Saturday, November 26, 2022

About Wednesday

Wednesday is the latest in a noble tradition (Inspector Clouseau, Frasier Crane, PC George Dixon, Rosencrantz and Guildenstern, et al...) of secondary or marginal fictional characters being spun off to become stars of a new venture; in this case, it’s Wednesday Addams, scion of the proto-Goth family that began in cartoon form in the New Yorker as far back as 1938. In Tim Burton’s new Netflix product, the character (most famously played by Lisa Loring on TV and Christina Ricci on film) is wrenched from her kinfolk and deposited in a New England boarding school.

It has a lot going for it, including an excellent overall look, and some nice one-liners. (Presented with a black dahlia as a welcome gift to the school, Wednesday deadpans, “It’s named after my favourite unsolved murder.”)

But there’s a fundamental problem. In their move to the status of protagonist, previously sidelined characters are inevitably fleshed out, given enhanced back stories, friends, families, jobs that we don’t know about. But the whole point of Wednesday is that she’s a blank-faced vacuum, a vehicle for existential bleakness, with nothing behind the stare. The new version, played by Jenna Ortega, is on screen almost the whole time and a vacant glower isn’t enough to keep a big-budget show running on its own. So, although she’s still dressed in black and expresses bristling contempt for conventional pieties of niceness, Ortega’s Wednesday is humanised. Even before the opening credits, when she dumps piranhas in a swimming pool to punish the jocks who are bullying her little brother Pugsley, she allows herself a small smile of triumph. Old Wednesday, real Wednesday, would never allow her cool to crack so much.

Overall, she’s closer to the high-functioning autistics inhabiting The Big Bang Theory than the (literal and metaphorical) monsters that Charles Addams created. Ultimately, she’s good. And, in this case, that’s bad.

Thursday, November 24, 2022

About Freedom

The content of Freedom, the exhibition that Ai Weiwei has curated for Koestler Arts from works by British prisoners, has all the hallmarks of outsider art, with its naîveté, sometimes shaky technical skills and general lack of awareness of what Saatchi’s buying these days. Except that outsiders is very much what they aren’t, of course.

Sunday, November 20, 2022

About the World Cup

No, I probably won’t be watching, although it’s as much time pressures and a general sense of ennui rather than any objection to Qatar’s record on human rights or even the venality that got them the gig in the first place. But I am intrigued by the Fan Leader Network, supporters whose tickets, travel and accommodation have been comped in exchange for “enthusiasm and positive social media comment”. I mean, how can enthusiasm be measured? How do you value performative ra-ra-ra? What sort of comment by one of these Potemkin fans would prompt the Qataris to ask for their money back? (They’ve already cancelled the per diems.) Ah, I know what it reminds me of...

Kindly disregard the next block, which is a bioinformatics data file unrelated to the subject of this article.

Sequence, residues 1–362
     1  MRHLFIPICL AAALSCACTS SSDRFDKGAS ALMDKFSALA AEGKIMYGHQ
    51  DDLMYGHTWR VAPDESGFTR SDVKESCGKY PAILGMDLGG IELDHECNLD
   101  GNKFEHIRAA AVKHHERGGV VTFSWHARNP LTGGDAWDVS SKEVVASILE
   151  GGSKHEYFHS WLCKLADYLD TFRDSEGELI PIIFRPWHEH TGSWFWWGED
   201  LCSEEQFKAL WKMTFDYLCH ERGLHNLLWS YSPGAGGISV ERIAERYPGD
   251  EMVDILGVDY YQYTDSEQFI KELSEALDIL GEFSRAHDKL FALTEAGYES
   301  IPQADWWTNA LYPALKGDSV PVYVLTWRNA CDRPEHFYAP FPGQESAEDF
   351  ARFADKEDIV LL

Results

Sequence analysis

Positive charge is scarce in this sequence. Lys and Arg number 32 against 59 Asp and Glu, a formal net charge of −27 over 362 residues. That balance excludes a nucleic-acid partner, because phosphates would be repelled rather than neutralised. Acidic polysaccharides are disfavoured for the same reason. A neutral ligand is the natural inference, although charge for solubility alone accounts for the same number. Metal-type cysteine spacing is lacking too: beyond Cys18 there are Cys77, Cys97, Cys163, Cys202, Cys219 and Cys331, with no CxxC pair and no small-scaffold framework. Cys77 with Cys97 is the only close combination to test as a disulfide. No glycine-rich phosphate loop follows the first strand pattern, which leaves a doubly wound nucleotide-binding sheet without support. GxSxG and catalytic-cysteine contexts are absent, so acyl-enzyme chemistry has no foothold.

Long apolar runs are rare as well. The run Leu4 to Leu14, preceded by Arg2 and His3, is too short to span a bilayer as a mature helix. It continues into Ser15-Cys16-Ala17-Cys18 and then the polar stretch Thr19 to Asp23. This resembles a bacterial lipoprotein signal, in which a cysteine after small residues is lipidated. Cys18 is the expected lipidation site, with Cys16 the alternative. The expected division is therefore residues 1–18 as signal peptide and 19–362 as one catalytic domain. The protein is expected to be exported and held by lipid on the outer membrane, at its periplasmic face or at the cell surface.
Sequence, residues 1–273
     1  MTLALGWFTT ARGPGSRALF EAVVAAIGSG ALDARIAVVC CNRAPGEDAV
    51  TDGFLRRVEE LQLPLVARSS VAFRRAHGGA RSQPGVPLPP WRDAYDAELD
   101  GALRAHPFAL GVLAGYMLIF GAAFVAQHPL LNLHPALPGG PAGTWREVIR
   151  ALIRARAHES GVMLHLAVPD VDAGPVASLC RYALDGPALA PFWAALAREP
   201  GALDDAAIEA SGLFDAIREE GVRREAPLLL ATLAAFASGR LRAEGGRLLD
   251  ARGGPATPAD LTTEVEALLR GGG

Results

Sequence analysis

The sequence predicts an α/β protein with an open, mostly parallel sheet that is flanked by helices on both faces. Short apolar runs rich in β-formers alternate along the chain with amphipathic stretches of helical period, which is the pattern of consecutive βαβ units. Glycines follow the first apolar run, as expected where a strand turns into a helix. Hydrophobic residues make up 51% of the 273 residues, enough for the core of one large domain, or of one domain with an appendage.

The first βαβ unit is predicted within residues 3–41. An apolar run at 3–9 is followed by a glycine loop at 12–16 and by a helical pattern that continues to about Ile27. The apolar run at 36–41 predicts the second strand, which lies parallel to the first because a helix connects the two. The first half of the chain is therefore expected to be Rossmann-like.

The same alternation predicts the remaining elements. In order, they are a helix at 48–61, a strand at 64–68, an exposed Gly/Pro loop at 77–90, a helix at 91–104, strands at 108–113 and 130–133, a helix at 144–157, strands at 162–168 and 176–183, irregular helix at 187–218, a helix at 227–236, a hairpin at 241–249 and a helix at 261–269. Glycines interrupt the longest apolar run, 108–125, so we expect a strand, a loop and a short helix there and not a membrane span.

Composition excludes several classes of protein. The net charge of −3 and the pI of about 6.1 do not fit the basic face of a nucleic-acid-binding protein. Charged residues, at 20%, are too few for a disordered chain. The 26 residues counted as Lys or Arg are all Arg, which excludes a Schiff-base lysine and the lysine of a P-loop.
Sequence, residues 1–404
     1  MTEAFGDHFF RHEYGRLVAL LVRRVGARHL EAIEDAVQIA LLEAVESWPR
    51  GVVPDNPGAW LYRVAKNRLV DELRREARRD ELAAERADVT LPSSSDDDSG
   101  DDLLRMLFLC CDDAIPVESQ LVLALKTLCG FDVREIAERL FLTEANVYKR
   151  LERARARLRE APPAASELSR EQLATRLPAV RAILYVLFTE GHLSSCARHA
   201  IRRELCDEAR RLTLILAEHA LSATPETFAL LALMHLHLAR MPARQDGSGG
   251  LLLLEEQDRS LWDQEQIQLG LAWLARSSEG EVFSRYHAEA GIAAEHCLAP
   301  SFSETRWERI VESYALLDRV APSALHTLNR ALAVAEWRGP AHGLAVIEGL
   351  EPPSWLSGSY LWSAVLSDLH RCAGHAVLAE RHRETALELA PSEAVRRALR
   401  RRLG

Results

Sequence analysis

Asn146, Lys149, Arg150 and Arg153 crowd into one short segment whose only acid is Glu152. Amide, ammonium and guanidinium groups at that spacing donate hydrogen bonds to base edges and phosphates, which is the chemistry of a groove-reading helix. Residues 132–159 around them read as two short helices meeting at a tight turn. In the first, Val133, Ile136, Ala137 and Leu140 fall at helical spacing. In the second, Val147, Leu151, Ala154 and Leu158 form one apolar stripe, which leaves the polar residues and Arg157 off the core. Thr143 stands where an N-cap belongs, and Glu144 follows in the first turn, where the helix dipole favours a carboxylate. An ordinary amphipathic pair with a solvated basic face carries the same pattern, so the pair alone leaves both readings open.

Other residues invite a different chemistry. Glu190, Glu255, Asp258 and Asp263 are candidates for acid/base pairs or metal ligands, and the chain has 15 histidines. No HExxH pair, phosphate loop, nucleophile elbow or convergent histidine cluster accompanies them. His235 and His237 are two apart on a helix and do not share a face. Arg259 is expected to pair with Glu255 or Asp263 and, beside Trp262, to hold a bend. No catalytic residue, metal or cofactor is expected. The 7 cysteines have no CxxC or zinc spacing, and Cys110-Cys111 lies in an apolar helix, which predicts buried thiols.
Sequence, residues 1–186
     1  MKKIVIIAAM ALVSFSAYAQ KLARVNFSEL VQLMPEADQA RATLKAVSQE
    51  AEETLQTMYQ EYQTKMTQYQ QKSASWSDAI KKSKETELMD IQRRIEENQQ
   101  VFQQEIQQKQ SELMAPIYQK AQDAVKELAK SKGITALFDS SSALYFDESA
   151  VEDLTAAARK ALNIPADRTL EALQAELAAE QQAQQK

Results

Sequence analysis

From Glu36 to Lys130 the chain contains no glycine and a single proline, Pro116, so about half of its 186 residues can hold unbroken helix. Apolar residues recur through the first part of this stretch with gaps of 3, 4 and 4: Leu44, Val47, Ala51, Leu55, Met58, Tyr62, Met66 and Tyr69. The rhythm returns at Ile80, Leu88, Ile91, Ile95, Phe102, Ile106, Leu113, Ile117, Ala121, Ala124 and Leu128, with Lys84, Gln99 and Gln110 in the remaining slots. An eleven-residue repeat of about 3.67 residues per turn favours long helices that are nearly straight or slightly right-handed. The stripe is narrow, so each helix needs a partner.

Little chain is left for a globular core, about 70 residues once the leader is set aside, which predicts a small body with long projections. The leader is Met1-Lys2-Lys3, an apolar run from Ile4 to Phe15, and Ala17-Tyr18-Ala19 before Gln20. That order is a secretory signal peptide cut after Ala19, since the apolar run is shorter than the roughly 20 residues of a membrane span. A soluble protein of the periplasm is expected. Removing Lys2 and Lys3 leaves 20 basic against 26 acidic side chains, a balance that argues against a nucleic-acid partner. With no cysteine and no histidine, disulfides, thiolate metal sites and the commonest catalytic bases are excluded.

Sunday, November 13, 2022

About Houellebecq

The academic study of literature leads basically nowhere, as we all know, unless you happen to be an especially gifted student, in which case it prepares you for a career teaching the academic study of literature – it is, in other words, a rather farcical system that exists solely to replicate itself and yet manages to fail more than 95 per cent of the time. Still, it’s harmless, and can even have a certain marginal value. A young woman applying for a sales job at Céline or Hermès should naturally attend to her appearance above all; but a degree in literature can constitute a secondary asset, since it guarantees the employer, in the absence of any useful skills, a certain intellectual agility that could lead to professional development – besides which, literature has always carried positive connotations in the world of luxury goods.

I suspect that if I were starting a blog today rather than 17 years ago, I’d take inspiration not from Murakami’s deadpan insouciance, but from Michel Houellebecq’s dead-eyed resignation. And you’d be reading (or, more probably, not reading), something called Basically Nowhere.

Saturday, November 05, 2022

About what I missed

Have been a bit distracted lately, so here are two things upon which I’ve alighted only recently. First, OK Computer all at once — all the tracks played simultaneously.


Somewhat inevitably, it sounds not unlike the orchestral freeform bits in A Day in the Life, but I suspect that would happen if you objected most albums to similar indignities. Oh, did I mention that I once wrote a book about OK Computer? (And yes, if you go to that site the first review is from someone who called it “a phenomenally dumb book” although I still get a perfect score for a book that neither I nor anybody else wrote, so there’s that.)

And then, a magazine that has got to issue 13 without me noticing it and I’m now tempted to hunt down back issues of The Fence, or maybe even to send in a contribution on spec, something I don’t think I’ve done for more than a decade. It clearly owes something to Private Eye in terms of aesthetic and attitude (two-colour, non-glossy, print-first, London-y without necessarily being about London) but its subject matter is wider-ranging (in this issue, TS Eliot, clip joints, five-a-side football results, Zimbabwean goblins). There are no ads, so I couldn’t work out how it’s survived so long, although this article suggests a wealthy, aristocratic benefactor has been handy. Which should annoy me, but for some reason adds to its ramshackle, flâneuristic charm. (If it were a hedge-fund manager behind it, I’d be annoyed.)

And now, I go back to being distracted.